It was strange for our tour guests to even hear their own footsteps as they walked on the dancefloor or feel cool air instead of the heat of a thousand bodies. It was strange for them to speak their stories in soft voices and yet be heard. The Barrowland is a different place when there isn’t a gig on. The staff remark on it and await the next gig with something like hope. Some of them do anyway. Others are more pragmatic.
But it’s true that the building has an almost downcast feel to it when it’s empty, and from the dim half-light of the ballroom more stories poured.
‘When they came on stage they unleashed the strobe lights and I thought I’d been transported to a different world!’ said one tour guest of her first gig in 1993; Sepultura Chaos AD.
One man remembered falling into a drunken sleep in the toilets and being woken by a cleaner when the gig was over. It was the third of four gigs by Faith No More and he had a ticket to every one.
One woman remembered being caught in the ‘dreaded sway’ as the audience moved en-masse from side to side. She was pulled out by the St. Andrew’s Ambulance men and recalls the crowd parting to let her stagger out, on the verge of fainting.
Another woman talked about her dancing competition days, another spoke fondly of the rollerskating discos.
One man was in the crowd in the early days of the Simple Minds concerts. Another man wearing a Ramones T-shirt showed us ticket stubs and set lists. One woman’s best memory was simply – Amy Winehouse.
Our tour guide, Gareth Fraser, with a photographic memory and a deep and passionate knowledge of the Barrowland Ballroom, took us into the band dressing room and we stood where Bowie and all the other greats have stood. He showed us the support band’s dressing room with the strangest shower cubicle any of us had ever seen. He told us how bands love the famous Glasgow crew and the warm welcome from the Barrowland staff. We sat in the booths in Barrowland 2, formerly Geordie’s Byre, a haven for women in the 1960s escaping the attentions of unwanted dance partners. We peeked inside the ladies and gents toilets.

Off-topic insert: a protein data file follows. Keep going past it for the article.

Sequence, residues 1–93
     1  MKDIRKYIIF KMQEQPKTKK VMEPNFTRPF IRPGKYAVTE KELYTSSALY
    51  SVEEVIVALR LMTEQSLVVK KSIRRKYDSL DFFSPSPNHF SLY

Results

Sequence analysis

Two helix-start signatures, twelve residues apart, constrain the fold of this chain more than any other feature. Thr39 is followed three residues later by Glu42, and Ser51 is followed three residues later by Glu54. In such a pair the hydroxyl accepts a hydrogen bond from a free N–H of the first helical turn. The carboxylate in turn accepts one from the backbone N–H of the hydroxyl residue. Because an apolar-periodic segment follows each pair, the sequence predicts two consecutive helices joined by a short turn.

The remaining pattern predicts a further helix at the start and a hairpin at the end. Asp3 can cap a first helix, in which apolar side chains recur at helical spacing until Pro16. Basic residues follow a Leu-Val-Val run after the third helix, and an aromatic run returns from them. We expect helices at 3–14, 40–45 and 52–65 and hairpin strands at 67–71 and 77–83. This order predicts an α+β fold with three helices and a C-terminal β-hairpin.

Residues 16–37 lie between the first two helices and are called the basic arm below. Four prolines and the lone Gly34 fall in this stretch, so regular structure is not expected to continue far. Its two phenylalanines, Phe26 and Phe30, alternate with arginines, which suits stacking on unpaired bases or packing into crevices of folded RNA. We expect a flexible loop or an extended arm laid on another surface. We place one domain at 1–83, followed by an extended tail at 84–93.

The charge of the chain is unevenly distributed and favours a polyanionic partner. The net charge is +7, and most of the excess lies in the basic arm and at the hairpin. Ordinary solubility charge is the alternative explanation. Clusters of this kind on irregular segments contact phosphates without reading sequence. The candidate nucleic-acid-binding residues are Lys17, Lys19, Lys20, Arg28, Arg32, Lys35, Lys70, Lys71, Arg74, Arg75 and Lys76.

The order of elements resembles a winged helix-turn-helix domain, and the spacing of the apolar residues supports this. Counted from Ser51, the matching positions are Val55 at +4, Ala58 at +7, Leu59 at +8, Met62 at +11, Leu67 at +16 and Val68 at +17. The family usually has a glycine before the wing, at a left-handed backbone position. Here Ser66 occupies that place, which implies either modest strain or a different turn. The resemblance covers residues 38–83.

Gareth told us the building’s own story; how Maggie McIver built the ballroom as a venue for the Barras traders’ Christmas dance. When it burnt down after her death the McIvers built it again, of course, as she’d have wanted. And nothing has changed. Things have been added – the Biffy Clyro lyrics on the stairs, for example, and the floor covering – a replica of the iconic Barrowland sign – in the main ballroom just before the step down to the wooden floor. But it is as it always was, and that was a strange comfort for many of our guests.
It’s inconceivable to imagine Glasgow without the Barrowland Ballroom. It’s such a huge part of many people’s lives. That’s one of the reasons Recollective is doing this project: we’re photographing and sketching and noting all the Barrowland ballads we can find from old memories to new memories to the day-to-day stories of how the building is run. They’re important and precious.
During the tour, Gareth told us how bands and singers mean every word of the cry that Barrowland audiences love to hear: ‘Barrowland, you’re the best venue in the world!’ That crackle that can happen between audience and band, that alchemy, that’s what makes the venue famous, above all. Bands talk about seeing the whites of their fans’ eyes. Audiences talk about seeing a wash of euphoria – glory, even – come over the musicians when they look out at an appreciative Barrowland crowd.
Perhaps that connection between band and audience is at its most potent in the Barrowland, above any other venue. That must be it. That magic, that chemistry between audience and musicians is at its zenith at the Barrowland Ballroom. And when it’s like that we forget everything other than that shared moment. It’s good to forget ourselves once in a while without forgetting the experience, ever.
So here’s to our Barrowland stories. Even if we woke up drunk with a sore head in the toilets, if we were bashed and battered at a Cramps gig, if we nearly fainted and had to be pulled from the crowd by St. Andrew’s first-aiders, if our husband called us a fool for jumping around with other fools.
Keep dancing, fools, I say.
Alison Irvine’s new novel Cat Step will be available from Dead Ink Books, Spring 2020
Stuart Cosgrove’s books are available at Birlinn Publishers https://birlinn.co.uk/contributor/stuart-cosgrove/